A couple of weeks ago, Dion Waiters caused a bit of a stir on Twitter when he responded to a fan who suggested that he might come off of the bench for the Cleveland Cavaliers by saying, "Nooooooooo." (It appears that Waiters has since deleted that tweet.)
Last season, Waiters only started 24 of the 70 games he played in under Mike Brown. So when the Cavs drafted Andrew Wiggins, many fans assumed that he would slide into the starting lineup, and Waiters would become a sixth man who could run the second unit. Waiters, however, has other ideas.
Yesterday, in an interview with Chris Haynes of Comcast Sportsnet Northwest, Waiters said, "I want to start and I believe that I should at the two."
"I just say how I feel," he said. "I'm going to do whatever is best for the team, of course, but at the end of the day, I'm a man and I'm confident in myself. I've always been a guy that gives it right to you. I've never been a guy that plays that political stuff. I was brought up that way. I'm straightforward. I give my honest opinion. I'm not going to sit here and hide. They asked a question and I tell you."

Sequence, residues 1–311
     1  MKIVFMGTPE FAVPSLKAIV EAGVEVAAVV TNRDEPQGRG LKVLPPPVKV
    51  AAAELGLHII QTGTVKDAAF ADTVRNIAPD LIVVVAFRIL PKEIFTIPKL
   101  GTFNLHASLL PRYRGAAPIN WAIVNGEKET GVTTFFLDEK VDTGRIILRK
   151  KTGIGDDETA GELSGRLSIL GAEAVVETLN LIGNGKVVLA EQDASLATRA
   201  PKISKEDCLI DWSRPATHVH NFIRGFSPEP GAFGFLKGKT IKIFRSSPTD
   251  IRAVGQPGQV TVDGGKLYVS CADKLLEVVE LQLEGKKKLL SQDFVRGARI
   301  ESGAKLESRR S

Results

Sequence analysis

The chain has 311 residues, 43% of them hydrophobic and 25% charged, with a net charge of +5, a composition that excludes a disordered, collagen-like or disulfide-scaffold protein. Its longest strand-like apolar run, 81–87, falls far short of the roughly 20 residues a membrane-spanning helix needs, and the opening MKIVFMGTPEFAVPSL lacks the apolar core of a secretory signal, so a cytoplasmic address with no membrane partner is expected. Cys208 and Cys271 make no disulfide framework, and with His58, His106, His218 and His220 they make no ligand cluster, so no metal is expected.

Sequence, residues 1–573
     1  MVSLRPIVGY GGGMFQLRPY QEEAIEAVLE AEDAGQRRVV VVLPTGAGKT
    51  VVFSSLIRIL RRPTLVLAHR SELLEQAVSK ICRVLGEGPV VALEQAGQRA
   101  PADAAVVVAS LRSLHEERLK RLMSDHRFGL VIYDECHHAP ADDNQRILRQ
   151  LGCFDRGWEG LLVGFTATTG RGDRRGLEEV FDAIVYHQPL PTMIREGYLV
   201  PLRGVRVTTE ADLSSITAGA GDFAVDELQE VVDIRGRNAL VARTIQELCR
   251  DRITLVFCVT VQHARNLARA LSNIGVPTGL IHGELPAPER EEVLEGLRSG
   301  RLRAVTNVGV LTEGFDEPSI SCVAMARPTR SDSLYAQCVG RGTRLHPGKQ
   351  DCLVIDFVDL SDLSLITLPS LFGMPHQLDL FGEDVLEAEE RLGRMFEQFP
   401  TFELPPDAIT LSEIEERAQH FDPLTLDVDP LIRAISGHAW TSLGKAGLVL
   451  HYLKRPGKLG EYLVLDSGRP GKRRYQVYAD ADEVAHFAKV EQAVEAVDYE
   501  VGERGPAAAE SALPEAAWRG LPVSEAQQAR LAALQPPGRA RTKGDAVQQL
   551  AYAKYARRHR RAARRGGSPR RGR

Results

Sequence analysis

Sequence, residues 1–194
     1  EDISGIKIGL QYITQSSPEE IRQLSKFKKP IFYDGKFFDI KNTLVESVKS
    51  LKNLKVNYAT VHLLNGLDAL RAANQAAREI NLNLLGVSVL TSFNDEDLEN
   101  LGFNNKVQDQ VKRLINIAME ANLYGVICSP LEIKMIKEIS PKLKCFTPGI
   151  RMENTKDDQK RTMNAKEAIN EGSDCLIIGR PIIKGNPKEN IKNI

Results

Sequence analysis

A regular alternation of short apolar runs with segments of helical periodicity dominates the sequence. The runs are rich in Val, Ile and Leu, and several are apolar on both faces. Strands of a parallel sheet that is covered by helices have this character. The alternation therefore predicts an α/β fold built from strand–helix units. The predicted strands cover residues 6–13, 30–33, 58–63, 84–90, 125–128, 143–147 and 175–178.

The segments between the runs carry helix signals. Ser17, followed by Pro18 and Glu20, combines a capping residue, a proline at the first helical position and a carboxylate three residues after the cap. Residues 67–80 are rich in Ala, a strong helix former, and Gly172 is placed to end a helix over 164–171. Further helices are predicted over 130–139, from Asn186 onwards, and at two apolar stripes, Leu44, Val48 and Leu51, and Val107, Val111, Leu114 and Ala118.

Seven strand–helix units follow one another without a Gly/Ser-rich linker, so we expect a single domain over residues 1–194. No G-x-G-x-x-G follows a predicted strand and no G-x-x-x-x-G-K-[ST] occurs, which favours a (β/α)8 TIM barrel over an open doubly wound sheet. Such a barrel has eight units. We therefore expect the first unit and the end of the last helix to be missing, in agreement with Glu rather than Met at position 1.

I appreciate that Waiters really does say how he feels. It's what makes him one of the few athletes who is actually interesting to follow on Twitter. There are probably times when he could be a little bit more careful, but for the most part, I hope he never changes. Athletes and celebrities who worry too much about how people will take things are boring. And sports should be fun, not boring.
If David Blatt decides to utilize Waiters in a bench role, he seems willing to accept it, just like he did for most of last season. But I would be surprised if it comes to that. I do think Waiters would fit nicely as the guy running the second unit, but I don't think that Wiggins is ready to start on a team that has championship aspirations. Not yet.
Of course, this entire discussion mostly becomes pointless if Wiggins isn't on the roster when the season starts. But that's a discussion for another post (or likely another 50 posts).